It's easy to over think all this, though. Exclusivity is more important than quality, as real style-obsessed fans will tell you. The true Ivy devotees, for instance, have plumped to dress exactly like Julius Caesar for the next two weeks. Only they can say what's truly Ivy, after all. They'll wear replica sandals and a linen tunica for a fortnight, after which, depending on votes, they'll either dress as the Duke of Windsor on his 1937 European tour (this currently gets two votes) or the tambourinist from The Seekers (this has the other vote).

*A Hollywood optician called Dennis Roberts, whose clients also included Elvis, fitted the blue lenses to the "light Havana" colour (code 96) Persol 714 frames Steve wore in The Thomas Crown Affair. God is in the details and, while I'm at it, the earliest attribution of the phrase "God is in the details" is modernist architect van der Rohe.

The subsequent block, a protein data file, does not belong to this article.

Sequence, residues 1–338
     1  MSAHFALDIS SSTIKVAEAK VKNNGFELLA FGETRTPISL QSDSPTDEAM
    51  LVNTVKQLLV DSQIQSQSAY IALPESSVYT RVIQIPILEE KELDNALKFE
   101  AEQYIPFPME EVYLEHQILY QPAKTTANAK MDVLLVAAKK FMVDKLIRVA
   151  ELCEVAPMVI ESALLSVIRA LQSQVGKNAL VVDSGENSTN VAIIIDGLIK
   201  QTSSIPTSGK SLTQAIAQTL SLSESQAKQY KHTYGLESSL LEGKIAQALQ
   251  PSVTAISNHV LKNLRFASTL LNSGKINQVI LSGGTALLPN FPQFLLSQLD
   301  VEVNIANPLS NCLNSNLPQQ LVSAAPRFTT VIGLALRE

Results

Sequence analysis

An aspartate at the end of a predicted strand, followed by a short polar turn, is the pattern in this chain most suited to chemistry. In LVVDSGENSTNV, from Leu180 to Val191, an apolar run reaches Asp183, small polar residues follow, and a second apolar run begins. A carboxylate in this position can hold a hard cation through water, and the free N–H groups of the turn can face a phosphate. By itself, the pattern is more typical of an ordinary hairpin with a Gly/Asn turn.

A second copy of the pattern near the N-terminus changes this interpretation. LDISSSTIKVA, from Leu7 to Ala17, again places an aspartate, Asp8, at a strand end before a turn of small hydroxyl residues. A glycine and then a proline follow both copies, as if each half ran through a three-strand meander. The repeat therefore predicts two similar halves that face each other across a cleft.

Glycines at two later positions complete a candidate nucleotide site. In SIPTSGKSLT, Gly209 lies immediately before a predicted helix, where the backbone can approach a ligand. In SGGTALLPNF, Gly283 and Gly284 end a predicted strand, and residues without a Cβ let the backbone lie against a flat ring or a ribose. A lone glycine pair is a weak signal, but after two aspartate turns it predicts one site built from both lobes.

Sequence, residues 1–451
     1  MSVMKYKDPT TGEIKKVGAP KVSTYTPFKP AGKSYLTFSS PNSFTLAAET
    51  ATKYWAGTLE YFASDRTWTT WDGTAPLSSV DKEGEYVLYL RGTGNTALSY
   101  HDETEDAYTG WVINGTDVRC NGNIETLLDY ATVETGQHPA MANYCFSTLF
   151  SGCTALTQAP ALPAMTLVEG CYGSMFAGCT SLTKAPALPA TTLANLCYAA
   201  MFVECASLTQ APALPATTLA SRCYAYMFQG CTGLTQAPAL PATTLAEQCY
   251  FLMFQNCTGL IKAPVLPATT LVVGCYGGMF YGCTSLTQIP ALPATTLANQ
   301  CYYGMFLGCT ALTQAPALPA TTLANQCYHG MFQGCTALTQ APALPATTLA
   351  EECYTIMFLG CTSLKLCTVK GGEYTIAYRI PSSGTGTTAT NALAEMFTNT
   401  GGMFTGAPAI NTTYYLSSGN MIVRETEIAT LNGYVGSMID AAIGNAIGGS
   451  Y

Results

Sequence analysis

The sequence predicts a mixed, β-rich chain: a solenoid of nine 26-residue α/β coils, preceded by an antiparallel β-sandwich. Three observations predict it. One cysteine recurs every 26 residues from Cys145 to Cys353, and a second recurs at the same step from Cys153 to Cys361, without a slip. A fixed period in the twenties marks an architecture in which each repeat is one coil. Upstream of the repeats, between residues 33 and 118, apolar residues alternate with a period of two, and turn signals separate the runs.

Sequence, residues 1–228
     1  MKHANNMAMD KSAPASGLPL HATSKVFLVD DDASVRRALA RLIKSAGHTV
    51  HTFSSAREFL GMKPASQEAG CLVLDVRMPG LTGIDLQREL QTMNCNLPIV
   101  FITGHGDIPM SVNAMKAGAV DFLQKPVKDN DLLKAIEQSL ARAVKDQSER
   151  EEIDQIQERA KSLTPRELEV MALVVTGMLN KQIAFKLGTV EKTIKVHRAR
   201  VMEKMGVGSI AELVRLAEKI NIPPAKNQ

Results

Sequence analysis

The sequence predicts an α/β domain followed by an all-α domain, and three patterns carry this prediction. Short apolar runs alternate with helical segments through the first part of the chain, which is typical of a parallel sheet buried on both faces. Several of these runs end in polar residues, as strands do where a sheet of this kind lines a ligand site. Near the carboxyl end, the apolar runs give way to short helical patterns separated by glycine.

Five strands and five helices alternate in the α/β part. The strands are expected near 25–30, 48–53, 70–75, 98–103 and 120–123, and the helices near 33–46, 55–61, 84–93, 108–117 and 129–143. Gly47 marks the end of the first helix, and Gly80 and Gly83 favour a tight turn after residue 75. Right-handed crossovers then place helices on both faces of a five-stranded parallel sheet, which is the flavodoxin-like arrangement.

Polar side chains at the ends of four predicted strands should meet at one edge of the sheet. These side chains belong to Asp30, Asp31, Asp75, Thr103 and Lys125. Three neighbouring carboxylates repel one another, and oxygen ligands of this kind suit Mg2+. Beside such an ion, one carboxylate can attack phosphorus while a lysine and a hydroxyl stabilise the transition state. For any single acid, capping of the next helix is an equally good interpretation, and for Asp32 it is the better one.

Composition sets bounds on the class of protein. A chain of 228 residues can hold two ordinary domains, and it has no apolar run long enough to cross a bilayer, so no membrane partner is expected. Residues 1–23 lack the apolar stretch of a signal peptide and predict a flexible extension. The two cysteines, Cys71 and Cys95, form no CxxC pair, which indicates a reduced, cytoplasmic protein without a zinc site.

PS This is quite a postscript for a frivolous style blog, I know, but I have to qualify my Mad Men admiration. Protagonist Don Draper, in episode six of the first series, works on a campaign for the Israeli tourist board. He flicks through Holocaust images.

Don: I can see why they want the guns.

I'm ashamed to say that, for a moment, I fear Mad Men creator Matthew Weiner has just used one set of atrocities to excuse another. (Others wrote the episode, but Weiner has discussed his direct involvement with that scene in interview.)

Don meets beautiful Rachel Menken later the same episode. He discusses the group he met from the tourist board.

Don: Well, those people at the meeting were definitely Zionists.
Rachel: Zion just means Israel.

Oh right, OK. Rachel and the group from the Israeli tourist board then become as one: